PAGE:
Design Life

Discussion in 'Boat Design' started by issac82, Aug 27, 2009.

  1. issac82
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    issac82 Junior Member

    What is the design life of GRP boats.How can we estimate its design life?
     
  2. Fanie
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    Fanie Fanie

    Hello Issac82,

    GRP lives forever. Someone else may tell you otherwise but in my experience it will outlive you. The GRP should be protected from sun (UV) though or else the resin will disintigrate over time. If it is protected in my opinion there is no limit.
     
  3. amateur mariner
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    amateur mariner Junior Member

    Still how to predict the design life??
     
  4. CDK
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    CDK retired engineer

    Like Fanie wrote, without UV protection by gelcoat or paint, the lifespan is short. I've seen repairs done 5 years ago where the glass is already above the surface. On the other hand there are well built boats from the 70's in good condition.
    As a general rule, the parts that are installed/attached determine the lifespan of a boat. Stern drives in seawater: 15 years, in inland waterways 25 years. Stern drives without service: less than 5 years.

    Another point is that long after the 1th owner has discarded his boat because it has lost its gloss, the 3rd or 4th owner may still be happy with it once the scratches have been repaired and the hull was painted over.
     
  5. bntii
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    bntii Senior Member

    I am happily sailing about in one of the Bounty II series yawls- 53 years and going strong.

    There is another exhaustive thread on this subject around here somewhere...
    If I could summarize the thoughts in one sentence: If the material yields beyond a critical amount in each cycle, the design life will be limited to a finite number of cycles.

    The engineers will no doubt weigh in ..
     
  6. joz
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    joz Senior Member

    I read an article from Professional Boatbuilder to which they are starting to recycle old GRP boats that are 40 yrs old to which you place your old boat in this machine and it destroys the boat to which the fibreglass can be re used in the production of a new GRP boat (powder form), plus it seperates all items whilst it breaking the boat which is quite interesting.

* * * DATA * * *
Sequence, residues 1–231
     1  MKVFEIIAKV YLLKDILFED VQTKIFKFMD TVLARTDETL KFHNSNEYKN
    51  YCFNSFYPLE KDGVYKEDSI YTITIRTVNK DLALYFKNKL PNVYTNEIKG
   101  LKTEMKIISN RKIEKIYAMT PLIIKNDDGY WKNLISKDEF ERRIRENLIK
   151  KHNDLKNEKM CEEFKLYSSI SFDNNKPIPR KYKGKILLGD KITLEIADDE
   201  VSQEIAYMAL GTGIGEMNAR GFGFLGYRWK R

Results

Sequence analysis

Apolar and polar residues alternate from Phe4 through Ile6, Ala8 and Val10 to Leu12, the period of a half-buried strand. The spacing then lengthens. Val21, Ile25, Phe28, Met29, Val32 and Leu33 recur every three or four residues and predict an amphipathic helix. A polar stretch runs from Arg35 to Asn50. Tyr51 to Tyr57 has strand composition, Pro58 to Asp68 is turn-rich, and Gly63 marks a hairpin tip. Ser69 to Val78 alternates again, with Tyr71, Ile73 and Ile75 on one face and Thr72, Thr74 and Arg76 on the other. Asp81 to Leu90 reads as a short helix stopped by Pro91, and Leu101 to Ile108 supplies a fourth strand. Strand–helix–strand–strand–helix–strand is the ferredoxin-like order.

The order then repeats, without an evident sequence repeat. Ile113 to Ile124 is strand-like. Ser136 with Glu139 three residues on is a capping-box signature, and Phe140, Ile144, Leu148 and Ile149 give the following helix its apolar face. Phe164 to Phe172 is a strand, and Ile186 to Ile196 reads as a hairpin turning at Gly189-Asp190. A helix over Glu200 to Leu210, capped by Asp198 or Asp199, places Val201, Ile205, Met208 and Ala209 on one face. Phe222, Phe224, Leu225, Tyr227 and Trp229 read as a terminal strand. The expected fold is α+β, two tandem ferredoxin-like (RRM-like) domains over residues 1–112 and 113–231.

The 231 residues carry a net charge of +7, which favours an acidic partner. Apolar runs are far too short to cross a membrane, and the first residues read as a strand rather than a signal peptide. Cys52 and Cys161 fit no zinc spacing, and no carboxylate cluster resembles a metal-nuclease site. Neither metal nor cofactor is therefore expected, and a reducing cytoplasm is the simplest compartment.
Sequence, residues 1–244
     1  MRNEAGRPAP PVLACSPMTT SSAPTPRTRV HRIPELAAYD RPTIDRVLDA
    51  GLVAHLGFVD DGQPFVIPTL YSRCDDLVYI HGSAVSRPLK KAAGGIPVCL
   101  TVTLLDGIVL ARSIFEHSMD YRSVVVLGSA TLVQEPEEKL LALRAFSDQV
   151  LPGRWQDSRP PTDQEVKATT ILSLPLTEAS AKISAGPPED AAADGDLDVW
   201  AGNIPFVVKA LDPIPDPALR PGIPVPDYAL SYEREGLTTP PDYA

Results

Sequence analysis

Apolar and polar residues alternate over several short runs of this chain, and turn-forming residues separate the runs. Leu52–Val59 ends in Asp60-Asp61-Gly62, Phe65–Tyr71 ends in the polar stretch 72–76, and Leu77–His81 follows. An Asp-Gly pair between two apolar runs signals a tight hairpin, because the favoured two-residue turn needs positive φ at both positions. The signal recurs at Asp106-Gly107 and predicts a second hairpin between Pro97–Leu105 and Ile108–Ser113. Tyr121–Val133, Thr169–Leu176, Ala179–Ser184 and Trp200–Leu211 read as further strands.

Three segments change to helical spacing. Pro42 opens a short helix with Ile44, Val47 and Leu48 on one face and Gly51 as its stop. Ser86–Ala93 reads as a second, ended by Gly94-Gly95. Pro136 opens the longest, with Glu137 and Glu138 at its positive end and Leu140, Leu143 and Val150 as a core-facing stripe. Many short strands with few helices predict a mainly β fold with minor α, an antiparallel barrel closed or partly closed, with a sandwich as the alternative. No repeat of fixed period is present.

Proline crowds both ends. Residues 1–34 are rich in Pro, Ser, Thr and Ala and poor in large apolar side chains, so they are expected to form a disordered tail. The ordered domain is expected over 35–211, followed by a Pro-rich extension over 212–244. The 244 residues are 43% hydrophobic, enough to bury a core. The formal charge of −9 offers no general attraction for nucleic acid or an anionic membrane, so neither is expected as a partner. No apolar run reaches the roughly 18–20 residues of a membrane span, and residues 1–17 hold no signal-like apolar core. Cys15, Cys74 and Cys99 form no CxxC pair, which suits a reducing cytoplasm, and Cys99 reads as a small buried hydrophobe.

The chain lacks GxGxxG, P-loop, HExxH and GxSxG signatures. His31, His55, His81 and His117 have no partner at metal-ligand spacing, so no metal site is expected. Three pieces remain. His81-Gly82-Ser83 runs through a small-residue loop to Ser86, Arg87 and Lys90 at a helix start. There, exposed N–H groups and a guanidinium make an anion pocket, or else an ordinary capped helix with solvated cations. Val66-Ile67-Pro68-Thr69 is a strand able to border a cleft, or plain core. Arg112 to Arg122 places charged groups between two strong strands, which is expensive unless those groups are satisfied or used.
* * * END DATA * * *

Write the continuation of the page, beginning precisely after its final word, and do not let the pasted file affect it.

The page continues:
7. Willallison
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    Willallison Senior Member

    Same simple answer as I gave in another thread... "Depends"
     
  8. ancient kayaker
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    ancient kayaker aka Terry Haines

    Way back in my motorbike days it was common knowledge that the fiberglass helmets we used back then softened with use and had to be changed every couple of years. I don't know why, body heat, moisture, poor material, whatever ... I wonder if it was the resin used and if some boats hade the same problem.
     
  9. amateur mariner
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    amateur mariner Junior Member

    Can somebody quote a reference about it?
     
  10. amateur mariner
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    amateur mariner Junior Member

    Somebody quote some reference of the statements already mentioned.If there is any mathematical formula published mention it over here.Waiting for answers
     
  11. Fanie
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    Fanie Fanie

    There is no formula, only estimates.

    To make an estimate valid you have to supply all the conditions.
     
  12. RHP
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    RHP Senior Member

    Joz do you have a link to that PB article I looked on their website and couldnt find it - I would be really interested to read it.

    Thanks
    Richard
     
  13. joz
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    joz Senior Member

    RHP

    I'll try to find that edition for you give me a week or so.
     
  14. RHP
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    RHP Senior Member

    Many thanks.
     

  15. Willallison
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    Willallison Senior Member

    Amateur Mariner, there is almost certainly a great deal of information about the duty cycles / design life of GRP, though much of it would be proprietory. The problem is that there are so many variables that impact on the results of such testing that they are all but worthless to the bulk of the designing / building community. Get five people to laminate a given part and you will get laminates with 5 different sets of properties. Hell - get one person to laminate the same part 5 times and the same will be true!
    Different resins, fibres, core materials, laminating procedures, temperatures, curing times and conditions, humidity, mixing times... the list goes on and on...
     
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